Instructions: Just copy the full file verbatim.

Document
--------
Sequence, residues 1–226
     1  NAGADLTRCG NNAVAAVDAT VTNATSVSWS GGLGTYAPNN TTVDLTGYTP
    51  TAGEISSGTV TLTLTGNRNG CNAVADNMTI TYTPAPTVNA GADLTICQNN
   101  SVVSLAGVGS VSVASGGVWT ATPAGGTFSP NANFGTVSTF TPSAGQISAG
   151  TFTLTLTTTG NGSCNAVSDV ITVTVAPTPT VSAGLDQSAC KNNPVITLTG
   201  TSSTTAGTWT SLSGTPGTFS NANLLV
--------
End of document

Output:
Sequence, residues 1–226
     1  NAGADLTRCG NNAVAAVDAT VTNATSVSWS GGLGTYAPNN TTVDLTGYTP
    51  TAGEISSGTV TLTLTGNRNG CNAVADNMTI TYTPAPTVNA GADLTICQNN
   101  SVVSLAGVGS VSVASGGVWT ATPAGGTFSP NANFGTVSTF TPSAGQISAG
   151  TFTLTLTTTG NGSCNAVSDV ITVTVAPTPT VSAGLDQSAC KNNPVITLTG
   201  TSSTTAGTWT SLSGTPGTFS NANLLV